The penalties associated with domestic violence charges differ from other assault cases. For instance, assault is not an enhanceable offense, meaning that the penalty range does not change if it is someone’s first or 10th conviction. In other words, the penalty range depends on the degree of assault.
On the other hand, domestic violence is an enhanceable offense, meaning the penalty range can increase with an additional conviction. For someone’s first domestic assault conviction, the penalty range would be lower than if it was his or her third or fourth offense. It is best to work with an attorney from Berry Law Firm who possesses a firm understanding of the differences between assault and domestic violence penalties in Omaha.
The penalties differ between domestic violence and assault charges. In an assault case, the penalties are selected based on the degree of severity. For example, third-degree assault is a Class I misdemeanor. In Omaha, a Class I misdemeanor carries the possible penalty of up to one year in jail, up to $1,000 fine, or both.
If the assault is mutually entered, meaning it is not just one person hitting the other, but both people are fighting each other, that would constitute a lesser penalty. In that case, the third-degree assault would be a Class II misdemeanor, which carries the possible penalty of six months in jail, a $500 fine, or both.
Second-degree assault is a Class IIA felony, which can ultimately lead to 20 years imprisonment. The most severe is first-degree assault, which is a Class II felony. A Class II felony carries the possible penalty of 1 to 50 years imprisonment.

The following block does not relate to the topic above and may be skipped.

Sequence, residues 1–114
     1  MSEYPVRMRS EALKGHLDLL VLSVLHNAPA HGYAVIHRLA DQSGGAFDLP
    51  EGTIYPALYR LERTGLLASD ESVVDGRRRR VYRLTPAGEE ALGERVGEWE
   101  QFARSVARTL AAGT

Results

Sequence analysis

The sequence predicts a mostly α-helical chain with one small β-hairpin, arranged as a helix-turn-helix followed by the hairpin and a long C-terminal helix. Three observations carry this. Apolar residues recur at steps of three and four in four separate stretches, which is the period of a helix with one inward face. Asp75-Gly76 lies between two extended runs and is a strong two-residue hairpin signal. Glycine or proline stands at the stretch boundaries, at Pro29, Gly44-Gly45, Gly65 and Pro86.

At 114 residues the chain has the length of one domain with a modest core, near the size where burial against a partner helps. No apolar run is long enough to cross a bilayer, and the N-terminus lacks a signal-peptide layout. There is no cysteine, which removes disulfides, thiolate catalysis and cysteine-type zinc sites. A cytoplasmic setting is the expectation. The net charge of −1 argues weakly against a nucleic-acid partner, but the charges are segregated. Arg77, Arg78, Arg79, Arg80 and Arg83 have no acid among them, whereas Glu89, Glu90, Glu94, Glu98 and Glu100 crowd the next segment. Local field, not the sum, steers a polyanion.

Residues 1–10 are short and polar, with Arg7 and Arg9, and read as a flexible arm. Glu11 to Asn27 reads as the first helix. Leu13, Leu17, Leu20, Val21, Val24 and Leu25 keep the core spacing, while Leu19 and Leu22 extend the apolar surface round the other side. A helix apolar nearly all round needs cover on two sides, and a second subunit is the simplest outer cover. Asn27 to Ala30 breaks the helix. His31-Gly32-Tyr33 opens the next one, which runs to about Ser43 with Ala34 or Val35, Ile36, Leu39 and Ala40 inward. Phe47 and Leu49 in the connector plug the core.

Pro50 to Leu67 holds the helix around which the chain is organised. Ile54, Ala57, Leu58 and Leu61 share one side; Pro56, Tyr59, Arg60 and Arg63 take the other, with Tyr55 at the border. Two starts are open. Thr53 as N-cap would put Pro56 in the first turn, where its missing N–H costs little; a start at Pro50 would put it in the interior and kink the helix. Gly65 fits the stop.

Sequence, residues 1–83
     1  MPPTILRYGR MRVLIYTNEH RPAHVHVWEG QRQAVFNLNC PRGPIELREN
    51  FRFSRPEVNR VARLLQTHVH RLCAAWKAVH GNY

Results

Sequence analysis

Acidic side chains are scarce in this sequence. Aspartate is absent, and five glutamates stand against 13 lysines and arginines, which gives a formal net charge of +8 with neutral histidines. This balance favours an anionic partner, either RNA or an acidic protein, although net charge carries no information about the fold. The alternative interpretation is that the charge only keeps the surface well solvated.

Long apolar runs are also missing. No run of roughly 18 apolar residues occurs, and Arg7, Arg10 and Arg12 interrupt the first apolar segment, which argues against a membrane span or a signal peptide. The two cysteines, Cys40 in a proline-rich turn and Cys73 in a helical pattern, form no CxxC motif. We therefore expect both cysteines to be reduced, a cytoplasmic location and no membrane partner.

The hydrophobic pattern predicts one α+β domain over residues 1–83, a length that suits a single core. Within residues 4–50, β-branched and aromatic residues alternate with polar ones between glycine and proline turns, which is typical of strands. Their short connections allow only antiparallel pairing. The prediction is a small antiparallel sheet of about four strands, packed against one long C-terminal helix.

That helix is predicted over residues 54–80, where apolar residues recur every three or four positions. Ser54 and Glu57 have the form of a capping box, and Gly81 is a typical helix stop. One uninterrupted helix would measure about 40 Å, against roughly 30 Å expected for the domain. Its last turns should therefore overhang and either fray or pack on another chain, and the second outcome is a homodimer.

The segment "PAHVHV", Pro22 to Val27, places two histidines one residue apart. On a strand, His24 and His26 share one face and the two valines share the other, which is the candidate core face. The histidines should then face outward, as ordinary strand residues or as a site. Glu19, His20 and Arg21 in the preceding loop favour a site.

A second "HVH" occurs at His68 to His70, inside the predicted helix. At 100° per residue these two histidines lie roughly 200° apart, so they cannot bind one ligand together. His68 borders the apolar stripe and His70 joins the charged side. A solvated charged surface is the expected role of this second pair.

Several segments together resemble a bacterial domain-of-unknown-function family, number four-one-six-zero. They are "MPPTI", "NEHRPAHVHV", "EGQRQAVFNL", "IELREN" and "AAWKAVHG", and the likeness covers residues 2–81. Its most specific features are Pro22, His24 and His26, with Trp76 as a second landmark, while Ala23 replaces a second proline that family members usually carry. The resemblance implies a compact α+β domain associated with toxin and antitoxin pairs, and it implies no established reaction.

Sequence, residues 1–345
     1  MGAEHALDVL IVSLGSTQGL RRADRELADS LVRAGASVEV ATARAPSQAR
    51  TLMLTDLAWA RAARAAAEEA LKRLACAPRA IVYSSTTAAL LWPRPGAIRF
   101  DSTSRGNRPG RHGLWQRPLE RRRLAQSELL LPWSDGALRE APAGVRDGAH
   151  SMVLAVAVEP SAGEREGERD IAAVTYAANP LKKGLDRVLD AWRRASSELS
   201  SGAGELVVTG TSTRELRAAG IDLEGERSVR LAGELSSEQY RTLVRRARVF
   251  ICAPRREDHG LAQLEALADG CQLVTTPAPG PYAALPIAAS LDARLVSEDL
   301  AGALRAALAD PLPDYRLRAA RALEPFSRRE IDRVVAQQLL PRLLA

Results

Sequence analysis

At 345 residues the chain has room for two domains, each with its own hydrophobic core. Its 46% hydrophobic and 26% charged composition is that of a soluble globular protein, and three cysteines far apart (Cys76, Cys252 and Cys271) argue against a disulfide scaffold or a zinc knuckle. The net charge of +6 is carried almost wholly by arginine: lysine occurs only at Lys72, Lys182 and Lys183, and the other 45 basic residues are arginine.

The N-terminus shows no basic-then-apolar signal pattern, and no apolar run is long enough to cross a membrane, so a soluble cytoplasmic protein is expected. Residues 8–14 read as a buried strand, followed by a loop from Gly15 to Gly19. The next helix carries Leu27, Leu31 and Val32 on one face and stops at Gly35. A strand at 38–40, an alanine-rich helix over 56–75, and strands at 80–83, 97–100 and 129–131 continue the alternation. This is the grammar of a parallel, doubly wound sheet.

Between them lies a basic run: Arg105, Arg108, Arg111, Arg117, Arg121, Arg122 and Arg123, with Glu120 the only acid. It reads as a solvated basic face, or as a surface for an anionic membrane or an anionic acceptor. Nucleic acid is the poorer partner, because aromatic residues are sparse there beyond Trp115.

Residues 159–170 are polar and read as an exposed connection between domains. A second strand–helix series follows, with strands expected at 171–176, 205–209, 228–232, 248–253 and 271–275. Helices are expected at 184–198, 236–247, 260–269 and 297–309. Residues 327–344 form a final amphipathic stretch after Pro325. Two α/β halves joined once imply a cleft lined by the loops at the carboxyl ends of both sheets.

Domestic Violence Penalties
There are also three different levels of penalties for domestic violence charges. Third-degree domestic violence is the lowest level and is charged as a Class I misdemeanor. This carries up to one year in jail, $1,000 fine, or both.
If someone has already been convicted of domestic assault and faces penalties for a subsequent offense, this can be automatically increased to a Class IIIA felony, and he or she may face up to three years’ imprisonment, up to 18 months of post-release supervision, and up to a $10,000 fine.
Second-degree domestic violence is a Class IIIA felony. However, second-degree domestic violence as a subsequent offense is a Class IIA felony, which could lead to a20 year prison sentence.
Domestic violence in the first degree, which is the most severe, is automatically a IIA felony, which carries a possible penalty of 20 years imprisonment. Charges can be increased to a Class II felony for a subsequent offense, and that is punishable by up to 50 years imprisonment.
There is a large range between assault and domestic violence penalties in Omaha. Domestic violence can be enhanced, which can make the consequences much worse – especially if it is not the person’s first offense.
A significant long-term difference between domestic violence and assault penalties in Omaha is the effect on a person’s gun rights. Being convicted of assault does not necessarily suspend a person’s gun rights, but being convicted of domestic violence will. This is due to the Lautenberg Amendment.
It also makes a difference if the crime is domestic in nature. It does not necessarily matter if the court documents say a person is convicted of assault or domestic violence. What matters are the underlying facts and the nature of the act. Even if the court originally charges someone with domestic violence but he or she takes a plea agreement for just assault, he or she can still be at risk of losing gun rights because the underlying facts of the case are domestic in nature.
If someone, for example, hits a stranger at a bar and is convicted of third-degree assault, his or her gun rights would not be affected. However, if someone hits his or her partner and is convicted of a third-degree domestic assault, his or her gun rights would be revoked.